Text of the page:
At this point, the investor is reminded of the caller on the phone. Not wanting to be rude, the investor apologizes to the caller and returns to the business plan challenge at hand. Eventually the investor reaches a page titled “Executive Summary.” Anxiously the investor scans the page only to see an endless ocean of words and “information-less” headings like “The Company,” “The Market and Industry,” “Business Model/Strategy” and so on. Not wanting to be rude to the caller any longer, the investor decides its best to put this document aside…

The second business plan is also neatly bound. However, the binding on this plan allows the cover and pages to flip open and lay flat. In addition, the cover page is divided into two columns.

The left column is about five inches in width. It contains a brief headline at the top of the column that captures the essence of the business. The headline is followed by an outline of the business plan with concise single-paragraphs that summarize the company, its management team, its products/services, the funds being requested, available collateral, the use of proceeds, and a likely exit. The column ends with a small table of financial projections.

The right hand column, about two inches wide, begins by identifying the stage the business is in and its primary industry or market. This information is followed by the owners contact information and ends with a table of contents. The layout is not crowded and has plenty of white space to make it easy to read and easy on the eyes.

As the investor attempts to read this business plan, he receives another phone call. This time the investor doesn’t have to wrestle with the business plan to read it. With one hand on the receiver, the other simply holds the plan or takes notes.

More importantly, the investor never has to actually open the business plan to find out basic information about the business venture. A quick scan of this business plan’s cover page tells whether or not this business venture meets the investor’s investment criteria in terms of market focus, business stage, and deal size. By simply highlighting a few key elements on the cover page of the business plan, the investor can pass along meaningful information to a colleague for further review and follow-up.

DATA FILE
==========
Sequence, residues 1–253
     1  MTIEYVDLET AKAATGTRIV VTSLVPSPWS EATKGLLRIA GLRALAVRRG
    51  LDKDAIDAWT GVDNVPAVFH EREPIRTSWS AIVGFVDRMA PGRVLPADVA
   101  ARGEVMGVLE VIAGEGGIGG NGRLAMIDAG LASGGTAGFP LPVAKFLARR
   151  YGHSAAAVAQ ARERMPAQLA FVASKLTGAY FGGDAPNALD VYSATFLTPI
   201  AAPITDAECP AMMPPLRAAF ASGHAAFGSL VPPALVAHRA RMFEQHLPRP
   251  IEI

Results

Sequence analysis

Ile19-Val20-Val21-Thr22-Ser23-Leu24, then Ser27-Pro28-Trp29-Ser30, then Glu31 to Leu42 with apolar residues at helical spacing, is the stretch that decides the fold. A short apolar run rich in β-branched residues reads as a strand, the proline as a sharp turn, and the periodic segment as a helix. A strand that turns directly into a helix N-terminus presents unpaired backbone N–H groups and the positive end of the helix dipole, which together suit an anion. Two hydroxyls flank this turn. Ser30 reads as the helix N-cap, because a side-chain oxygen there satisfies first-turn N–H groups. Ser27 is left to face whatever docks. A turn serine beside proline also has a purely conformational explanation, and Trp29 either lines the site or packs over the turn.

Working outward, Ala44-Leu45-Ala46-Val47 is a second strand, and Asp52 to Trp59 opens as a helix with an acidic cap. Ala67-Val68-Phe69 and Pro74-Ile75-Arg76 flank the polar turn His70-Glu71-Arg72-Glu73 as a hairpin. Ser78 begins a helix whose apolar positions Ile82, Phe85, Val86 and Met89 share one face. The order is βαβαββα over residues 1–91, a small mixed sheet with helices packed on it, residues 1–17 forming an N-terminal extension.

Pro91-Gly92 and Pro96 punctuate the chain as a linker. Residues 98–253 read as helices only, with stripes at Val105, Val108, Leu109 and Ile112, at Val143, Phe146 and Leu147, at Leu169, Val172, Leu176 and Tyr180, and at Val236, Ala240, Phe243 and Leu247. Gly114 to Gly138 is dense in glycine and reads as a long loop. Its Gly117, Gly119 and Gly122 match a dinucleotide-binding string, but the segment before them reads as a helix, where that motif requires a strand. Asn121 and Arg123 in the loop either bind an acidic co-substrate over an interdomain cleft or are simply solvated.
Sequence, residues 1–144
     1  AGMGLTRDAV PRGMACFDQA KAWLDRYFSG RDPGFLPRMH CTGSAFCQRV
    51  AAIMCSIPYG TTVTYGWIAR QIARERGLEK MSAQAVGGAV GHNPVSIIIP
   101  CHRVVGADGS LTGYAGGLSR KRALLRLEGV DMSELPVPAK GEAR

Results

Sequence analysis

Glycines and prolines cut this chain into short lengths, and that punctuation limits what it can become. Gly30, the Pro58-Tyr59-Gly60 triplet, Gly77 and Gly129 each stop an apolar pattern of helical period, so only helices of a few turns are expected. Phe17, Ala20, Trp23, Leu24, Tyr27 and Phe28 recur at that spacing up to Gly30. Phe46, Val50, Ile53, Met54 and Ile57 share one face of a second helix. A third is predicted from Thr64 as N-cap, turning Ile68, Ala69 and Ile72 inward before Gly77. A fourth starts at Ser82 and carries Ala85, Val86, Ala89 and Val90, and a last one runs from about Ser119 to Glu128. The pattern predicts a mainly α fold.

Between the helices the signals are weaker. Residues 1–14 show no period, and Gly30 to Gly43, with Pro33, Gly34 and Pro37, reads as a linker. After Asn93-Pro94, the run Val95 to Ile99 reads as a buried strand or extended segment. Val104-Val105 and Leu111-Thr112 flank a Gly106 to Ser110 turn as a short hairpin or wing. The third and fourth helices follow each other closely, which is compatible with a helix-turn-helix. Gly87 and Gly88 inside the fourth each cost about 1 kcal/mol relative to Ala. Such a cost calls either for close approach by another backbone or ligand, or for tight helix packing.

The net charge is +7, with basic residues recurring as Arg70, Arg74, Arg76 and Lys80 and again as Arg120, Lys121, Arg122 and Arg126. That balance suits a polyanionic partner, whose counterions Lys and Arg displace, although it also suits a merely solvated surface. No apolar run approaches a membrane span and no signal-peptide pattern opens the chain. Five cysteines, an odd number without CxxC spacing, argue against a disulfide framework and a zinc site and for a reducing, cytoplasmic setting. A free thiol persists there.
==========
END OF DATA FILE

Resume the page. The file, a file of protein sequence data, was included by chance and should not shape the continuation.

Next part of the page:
But let’s say that this business plan doesn’t fit this investor’s investment criteria. What would happen then? Well, instead of just being passed up and never returned to, this investor, who was able to quickly glean some good insight into the business plan straight from the plan’s cover page, is now in a position to forward the information to another investor who might be looking for this type of investment opportunity.

Remember, investors are typically very busy people; often juggling more than one major project or deal at a time. To separate your business plan from other plans and increase your chances for getting the funding you need, lay out and package your plan to fit their busy schedules and work styles. Start with an effective business plan cover page. Click here for an example.

Age Old Marketing Technique Improves Business Plan Executive Summaries

Every business plan book tells you how the Executive Summary is your opportunity to provide a brief overview of your business plan; capture your readers’ attention and imagination; and, summarize the plan’s highlights and key selling points.

So, why am I telling you these 3 things when you probably already know them?

Because it’s useless advice unless you employ one, not so obvious, age old marketing technique to make these points come alive.

This one technique is the key to the ultimate success of your business plan and its ability to attract potential investors. More importantly, it will help you raise money for your business…potentially a lot of it.

Best of all, it costs nothing to “do” and can save time finding serious investors.

The not so great news is it’s rarely found in “business plan” books or on most business plan websites.

It’s one thing David Galdstone doesn’t tell you how to do in his popular “Venture Capital Handbook.”

You won’t find it in David E. Gumpert’s book, “Burn Your Business Plan.”